3.6 Financial Support for Research and Development in the Energy Sector

Bulgaria should seek financial support through facilitation of investors’ access to scientific development works, as well as through specialized credit lines and facilities from European funds and programs in order to enhance research and development in the energy sector. The generation and use of energy from RES and investments in new balancing power plants should be supported with funds raised by bids for greenhouse gas emission allowances and by other financial sources and fiscal instruments.


In order to avoid some negative impacts of energy dependency and high energy intensiveness of GDP in the future, Bulgaria should provide a series of measures such as building an efficient Energy Security Strategy; maintaining of a safe, stable and reliable energy system; diversifying of energy sources suppliers and routes, searching for easily obtainable and sustainable RES, decreasing the dramatic differences of energy efficiency between Bulgaria and the other EU member states and maintaining common efforts between the institutions, business and the research community.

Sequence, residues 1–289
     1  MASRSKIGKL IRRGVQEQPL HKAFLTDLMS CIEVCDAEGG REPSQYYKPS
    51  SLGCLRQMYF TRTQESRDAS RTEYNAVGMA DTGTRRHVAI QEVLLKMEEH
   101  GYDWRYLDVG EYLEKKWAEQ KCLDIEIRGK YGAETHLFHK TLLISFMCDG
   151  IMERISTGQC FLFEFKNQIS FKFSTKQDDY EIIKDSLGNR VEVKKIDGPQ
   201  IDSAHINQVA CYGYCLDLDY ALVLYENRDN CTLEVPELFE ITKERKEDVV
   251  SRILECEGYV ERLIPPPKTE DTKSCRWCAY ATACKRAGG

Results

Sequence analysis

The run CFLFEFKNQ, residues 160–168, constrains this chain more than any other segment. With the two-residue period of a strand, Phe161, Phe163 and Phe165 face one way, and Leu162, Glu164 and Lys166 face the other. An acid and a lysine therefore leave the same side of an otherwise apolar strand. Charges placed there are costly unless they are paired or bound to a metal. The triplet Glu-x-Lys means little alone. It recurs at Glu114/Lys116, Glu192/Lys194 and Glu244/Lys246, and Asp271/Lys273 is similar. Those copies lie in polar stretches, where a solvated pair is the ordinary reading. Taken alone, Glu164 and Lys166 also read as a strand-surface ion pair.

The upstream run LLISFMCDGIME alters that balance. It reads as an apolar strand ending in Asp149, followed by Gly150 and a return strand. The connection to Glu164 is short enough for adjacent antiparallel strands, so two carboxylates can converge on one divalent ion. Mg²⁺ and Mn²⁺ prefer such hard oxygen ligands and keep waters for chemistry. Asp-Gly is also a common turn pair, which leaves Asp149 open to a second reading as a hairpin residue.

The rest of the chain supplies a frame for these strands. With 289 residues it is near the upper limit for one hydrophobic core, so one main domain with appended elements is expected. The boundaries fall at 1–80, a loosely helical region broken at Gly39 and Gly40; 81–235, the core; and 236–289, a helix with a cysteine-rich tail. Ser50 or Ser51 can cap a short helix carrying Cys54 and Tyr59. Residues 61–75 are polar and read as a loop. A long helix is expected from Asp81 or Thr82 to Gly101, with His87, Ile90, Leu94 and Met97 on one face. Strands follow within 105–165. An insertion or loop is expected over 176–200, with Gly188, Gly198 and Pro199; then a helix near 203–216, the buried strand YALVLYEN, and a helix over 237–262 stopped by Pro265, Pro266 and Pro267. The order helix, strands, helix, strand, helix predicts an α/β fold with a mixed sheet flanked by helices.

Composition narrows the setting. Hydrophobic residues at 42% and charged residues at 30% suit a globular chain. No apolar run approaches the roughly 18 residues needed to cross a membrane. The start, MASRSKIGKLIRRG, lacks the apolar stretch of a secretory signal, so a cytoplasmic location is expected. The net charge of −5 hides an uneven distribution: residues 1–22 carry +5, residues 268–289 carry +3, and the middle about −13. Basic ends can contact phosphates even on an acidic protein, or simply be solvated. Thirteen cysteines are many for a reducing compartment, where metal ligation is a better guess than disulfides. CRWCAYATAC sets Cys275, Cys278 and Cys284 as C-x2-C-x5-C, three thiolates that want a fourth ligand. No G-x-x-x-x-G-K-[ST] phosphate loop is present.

Bulgaria should decidedly continue not only applying all the above mentioned measures but also searching for new and more efficient measures to provide energy security of the country, as well. By this way, Bulgaria can achieve of a safe, stable and sustainable energy system based on modern technologies. This will also make possible the use of resources available in the country and as a result national security of Bulgaria will be ensured.

Freelance Writer

I’m a freelance writer with a bachelor’s degree in Journalism from Boston University. My work has been featured in publications like the L.A. Times, U.S. News and World Report, Farther Finance, Teen Vogue, Grammarly, The Startup, Mashable, Insider, Forbes, Writer (formerly Qordoba), MarketWatch, CNBC, and USA Today, among others.